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First Nations school funding supports DFC repairs, Matawa gym

More than $37 million in ICIP funding announced, with most going to Northern Ontario First Nations schools
DFC 10072015 WEB
Funding for First Nations schools announced Tuesday includes over $9.6 million for renovations at Dennis Franklin Cromarty high school. (File photo)

Schools serving First Nations students in Ontario, including two located in Thunder Bay, will see significant upgrades after a funding commitment from the provincial and federal governments Tuesday.

Over $37 million in Investing in Canada Infrastructure Program (ICIP) dollars, funded 80/20 by the federal and provincial governments, will support school renovations and COVID-19 adaptations, as well as other projects like an addictions treatment centre.

The package includes around $10 million each for renovations at the Dennis Franklin Cromarty high school in Thunder Bay and the Pelican Falls First Nation High School in Sioux Lookout, both run by the Northern Nishnawbe Education Council  (NNEC), which serves 23 remote First Nations in the Sioux Lookout District.

Work at DFC will include roof repairs, asbestos abatement, new flooring, HVAC upgrades, replacement of sewer and water pipes, and more.

Matawa First Nations will receive $5.6 million for a gymnasium at the Matawa Education and Care Centre, and to construct portable classrooms in the nine First Nations it serves.

In a release, Matawa said the investments in its students were welcome, if overdue.

“Schools in Matawa were experiencing significant challenges with meeting public health recommendations for schools since [the pandemic] began,” it stated. “The Matawa First Nations have been advocating for over a year to make schools safer expressing concerns about the lack of supplemental funding.”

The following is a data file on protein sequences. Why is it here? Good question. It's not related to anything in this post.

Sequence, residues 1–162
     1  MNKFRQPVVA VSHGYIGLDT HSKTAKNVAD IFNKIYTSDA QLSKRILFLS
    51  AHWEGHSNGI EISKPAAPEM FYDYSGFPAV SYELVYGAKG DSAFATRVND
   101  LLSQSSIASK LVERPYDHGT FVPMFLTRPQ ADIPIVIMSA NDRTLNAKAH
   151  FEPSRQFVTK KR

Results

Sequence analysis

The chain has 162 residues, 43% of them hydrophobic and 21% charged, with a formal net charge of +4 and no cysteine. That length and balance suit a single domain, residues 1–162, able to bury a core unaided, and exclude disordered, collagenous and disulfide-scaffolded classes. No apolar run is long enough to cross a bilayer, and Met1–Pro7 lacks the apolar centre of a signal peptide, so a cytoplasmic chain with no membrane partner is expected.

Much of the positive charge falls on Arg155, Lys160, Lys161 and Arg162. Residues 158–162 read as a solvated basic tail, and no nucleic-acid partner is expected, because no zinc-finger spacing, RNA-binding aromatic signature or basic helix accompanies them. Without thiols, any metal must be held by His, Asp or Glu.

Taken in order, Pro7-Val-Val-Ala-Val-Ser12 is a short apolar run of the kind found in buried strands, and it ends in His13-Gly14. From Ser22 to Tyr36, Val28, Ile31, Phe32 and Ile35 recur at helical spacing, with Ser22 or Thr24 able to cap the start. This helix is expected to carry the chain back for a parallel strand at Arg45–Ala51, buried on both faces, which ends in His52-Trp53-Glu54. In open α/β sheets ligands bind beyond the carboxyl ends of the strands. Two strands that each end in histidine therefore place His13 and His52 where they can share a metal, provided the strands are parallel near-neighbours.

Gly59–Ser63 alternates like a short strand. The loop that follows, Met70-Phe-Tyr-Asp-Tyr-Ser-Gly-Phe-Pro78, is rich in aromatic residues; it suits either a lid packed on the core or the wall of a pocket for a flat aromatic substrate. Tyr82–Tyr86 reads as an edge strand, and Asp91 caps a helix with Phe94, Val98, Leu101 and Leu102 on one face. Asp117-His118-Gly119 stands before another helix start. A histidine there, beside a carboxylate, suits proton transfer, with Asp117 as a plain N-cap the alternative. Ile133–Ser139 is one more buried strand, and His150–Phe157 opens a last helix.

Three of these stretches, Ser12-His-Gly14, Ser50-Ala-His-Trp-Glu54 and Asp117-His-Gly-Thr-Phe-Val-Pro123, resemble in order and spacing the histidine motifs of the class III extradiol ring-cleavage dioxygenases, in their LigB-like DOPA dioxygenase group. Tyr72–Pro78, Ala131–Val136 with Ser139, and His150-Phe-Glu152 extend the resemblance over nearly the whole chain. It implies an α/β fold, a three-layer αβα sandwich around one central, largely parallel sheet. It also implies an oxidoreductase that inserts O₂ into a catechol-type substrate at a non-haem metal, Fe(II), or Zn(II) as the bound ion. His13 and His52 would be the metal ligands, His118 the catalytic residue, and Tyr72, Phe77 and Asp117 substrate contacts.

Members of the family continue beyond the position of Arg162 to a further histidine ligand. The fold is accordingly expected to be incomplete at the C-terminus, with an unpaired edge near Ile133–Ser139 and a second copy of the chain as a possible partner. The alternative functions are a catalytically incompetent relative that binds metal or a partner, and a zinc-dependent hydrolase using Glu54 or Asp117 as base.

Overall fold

The tribal council last year called for $25 million to help schools in its First Nations adapt to COVID-19, but has said few of those requests were met.

Announcing the funding Tuesday, Thunder Bay-Superior North MP Patty Hajdu said while the investments came largely through ICIP’s COVID-19 resilience stream, they would have lasting impacts by expanding access to education in the region.

“It’s about building up communities and… making them places where people have what they need to want to stay to raise their families and have successive generations staying in Northern Ontario,” she said.

The gymnasium at MECC, for example, will be a “critical piece” in the school’s ability to meet provincial COVID-19 guidelines and keep students safe, said Sharon Nate, executive director of education for Matawa.

“With an upgraded gymnasium, our students will no longer need to use other organizations’ facilities, which reduces their potential for [COVID-19 exposure],” she said.

But it will also provide major non-pandemic-related benefits to the school, which serves 150 to 200 students.

“It will mean a great deal to our students in terms of the activities that can be held in a gymnasium, that range from sports to social to cultural,” Nate said.

The gymnasium has long been planned, but increasing costs to build the MECC, which includes a 100-student residence that will launch in early 2022, left insufficient funds for the gym.

The full-size gym, which will allow MECC to host inter-school sports, is something many school communities might take for granted, Nate said, and will help build confidence, skills, and mental health among students.

First Nations including Eabametoong, Aroland, Fort Severn, Webequie, Marten Falls, and Neskantaga will receive around $200,000 each for portable classrooms. The solution will provide additional capacity as students spend more time attending school in their home communities, rather than travelling to urban centres, during the pandemic.

Other projects include $2.7 million for the Kenora District Services Board to support construction of two buildings housing Indigenous students and guardians in Sioux Lookout, and over $4.5 million for an addition to a Mississaugas of the Credit First Nation elementary school.

Some of the funding goes to non-education-related institutions.

The Ka-Na-Chi-Hih treatment centre in Sioux Lookout will receive around $1.6 million to renovate a school space to offer a long-term residential treatment program.

Meanwhile, Kiashke Zaaging Anishinaabek, also known as Gully Bay First Nation, will receive $65,880 for wastewater planning study and detailed design.


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